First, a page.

What may be sordidly fantasy to Bunag is blatant realism to Bryan Teves. In fact it is of the hyper-kind that his main image almost emerges out of the canvas.
 
The distance from where he is based in Sta. Catalina in Ilocos Sur provides Teves with a clearer perspective of composing an image worthy of emulation. Simplicity over-laden with values won for this one. How Teves warmly wraps that blanket of emotion around a dual image of a reversal of role is astoundingly executed. The blanket properly enveloped all the emotions that come with being happy at birth and being desperate in desolation in reverse.

Sakbibi ng Galak at Tagumpay by Bryan Teves
In Sakbibi ng Galak at Tagumpay, Teves portrays in an Asian way of composing things, a yin-and-yang approach to living. In previous works he likes to double his subjects or in this case, in reverse as seamless as can be. Against a freshly-green background Teves does well by this exacting love of family and the cycle of life we unavoidably exposed to.

Once in a while abstraction finds its sordid place in the representational laden art competition like MADE. “I” by Andrew Tan is replete with characters one is familiar with in the metropolis. Breathing the carbon air of the city one gets numbed like Tan while surviving in the daily urban mosh pit we are constantly rolling into. In taking the Clement Greenberg challenge as mentioned the catalogue essay by Cid Reyes, at a glance I see a lot of flesh undertones of the bigger overview. Much like a whole being is consumed by the cosmopolitan disease we have been informally and contagiously exposed to.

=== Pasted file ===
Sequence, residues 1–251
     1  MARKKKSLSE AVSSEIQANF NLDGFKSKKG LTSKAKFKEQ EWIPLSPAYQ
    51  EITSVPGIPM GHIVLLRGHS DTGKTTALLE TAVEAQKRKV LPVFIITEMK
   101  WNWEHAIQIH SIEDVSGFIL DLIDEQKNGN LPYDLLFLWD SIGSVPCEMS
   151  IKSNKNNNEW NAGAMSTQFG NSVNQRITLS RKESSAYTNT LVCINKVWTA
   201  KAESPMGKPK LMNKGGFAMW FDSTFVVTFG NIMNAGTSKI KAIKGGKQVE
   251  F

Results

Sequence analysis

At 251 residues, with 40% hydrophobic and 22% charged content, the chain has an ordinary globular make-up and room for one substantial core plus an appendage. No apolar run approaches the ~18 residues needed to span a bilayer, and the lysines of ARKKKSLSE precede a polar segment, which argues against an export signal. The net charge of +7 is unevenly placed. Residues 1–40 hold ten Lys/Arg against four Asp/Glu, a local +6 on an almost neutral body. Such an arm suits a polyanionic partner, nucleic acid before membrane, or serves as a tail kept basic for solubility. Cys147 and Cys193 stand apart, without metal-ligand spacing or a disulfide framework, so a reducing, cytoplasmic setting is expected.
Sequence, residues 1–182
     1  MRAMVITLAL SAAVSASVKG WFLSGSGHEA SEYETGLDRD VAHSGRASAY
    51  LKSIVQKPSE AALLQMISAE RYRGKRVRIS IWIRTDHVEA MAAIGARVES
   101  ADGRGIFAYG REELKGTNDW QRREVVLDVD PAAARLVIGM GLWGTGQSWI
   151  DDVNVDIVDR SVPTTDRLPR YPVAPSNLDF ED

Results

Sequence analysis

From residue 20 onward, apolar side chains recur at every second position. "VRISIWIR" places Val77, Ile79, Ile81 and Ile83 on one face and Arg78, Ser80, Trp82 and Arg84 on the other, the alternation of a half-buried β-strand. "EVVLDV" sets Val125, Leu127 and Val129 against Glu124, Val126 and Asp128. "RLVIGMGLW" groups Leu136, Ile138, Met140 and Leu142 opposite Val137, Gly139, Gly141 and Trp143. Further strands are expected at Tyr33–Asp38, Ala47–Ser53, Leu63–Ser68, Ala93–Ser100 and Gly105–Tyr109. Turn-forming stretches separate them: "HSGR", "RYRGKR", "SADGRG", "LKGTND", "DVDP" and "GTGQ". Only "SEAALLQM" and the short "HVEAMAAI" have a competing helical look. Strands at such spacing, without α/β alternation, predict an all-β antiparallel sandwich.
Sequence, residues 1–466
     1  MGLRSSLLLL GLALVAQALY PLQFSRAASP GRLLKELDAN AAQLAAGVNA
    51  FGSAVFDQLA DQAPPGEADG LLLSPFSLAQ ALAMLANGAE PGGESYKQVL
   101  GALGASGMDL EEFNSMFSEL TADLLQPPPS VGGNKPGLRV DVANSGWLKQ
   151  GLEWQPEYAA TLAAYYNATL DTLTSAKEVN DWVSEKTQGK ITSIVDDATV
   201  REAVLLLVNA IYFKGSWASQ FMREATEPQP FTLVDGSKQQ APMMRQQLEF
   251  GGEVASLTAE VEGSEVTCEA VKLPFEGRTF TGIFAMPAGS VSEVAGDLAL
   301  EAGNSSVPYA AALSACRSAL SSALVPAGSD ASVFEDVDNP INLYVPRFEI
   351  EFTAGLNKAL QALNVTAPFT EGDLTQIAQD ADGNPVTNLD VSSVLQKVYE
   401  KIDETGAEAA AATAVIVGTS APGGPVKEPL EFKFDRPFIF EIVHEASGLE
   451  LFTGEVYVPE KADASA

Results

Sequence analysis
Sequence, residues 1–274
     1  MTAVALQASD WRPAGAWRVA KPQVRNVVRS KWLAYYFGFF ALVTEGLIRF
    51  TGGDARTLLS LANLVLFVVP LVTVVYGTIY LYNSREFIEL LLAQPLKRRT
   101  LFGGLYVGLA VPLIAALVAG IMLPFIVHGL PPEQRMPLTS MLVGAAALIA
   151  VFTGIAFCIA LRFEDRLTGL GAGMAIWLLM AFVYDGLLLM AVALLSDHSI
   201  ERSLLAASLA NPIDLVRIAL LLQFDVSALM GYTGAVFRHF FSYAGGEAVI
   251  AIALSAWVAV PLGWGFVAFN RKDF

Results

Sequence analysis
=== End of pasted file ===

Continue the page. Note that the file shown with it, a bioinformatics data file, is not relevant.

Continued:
I by Andrew tan


Given its relevance to the art community, MADE still is the rites of passage for most of artists practicing in the Philippines. The names of its products alone could double the word count of this blog entry. Without even words, its roster of winning artworks can tell the true story of our people. It is hope that one day all these will be displayed in a proper venue for everyone to marvel at and be appreciated. What many lack in material things we make up in talent in fine bold artistry. For it is only through imagination that we can envision and build a country. MADE was made for that as we collectively continue our stories of survival one day at a time.

19.10.15

Orley Ypon: When Realism Still Matters

BY JAY BAUTISTA |


Flesh was the reason why oil paint was invented.
                                               Willem de Kooning